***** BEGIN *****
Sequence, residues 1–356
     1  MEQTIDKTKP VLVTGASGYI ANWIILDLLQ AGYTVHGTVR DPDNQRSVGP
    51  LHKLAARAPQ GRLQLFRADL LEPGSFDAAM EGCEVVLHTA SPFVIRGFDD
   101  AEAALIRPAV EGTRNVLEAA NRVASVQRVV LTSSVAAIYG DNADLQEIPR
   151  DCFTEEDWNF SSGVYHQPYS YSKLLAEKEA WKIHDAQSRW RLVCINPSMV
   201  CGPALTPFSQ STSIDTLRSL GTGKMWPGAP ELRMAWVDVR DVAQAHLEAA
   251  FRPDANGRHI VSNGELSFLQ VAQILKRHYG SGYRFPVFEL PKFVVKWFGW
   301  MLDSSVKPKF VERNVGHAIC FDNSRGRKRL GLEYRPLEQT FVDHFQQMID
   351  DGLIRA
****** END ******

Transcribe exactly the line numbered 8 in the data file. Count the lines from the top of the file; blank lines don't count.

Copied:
   301  MLDSSVKPKF VERNVGHAIC FDNSRGRKRL GLEYRPLEQT FVDHFQQMID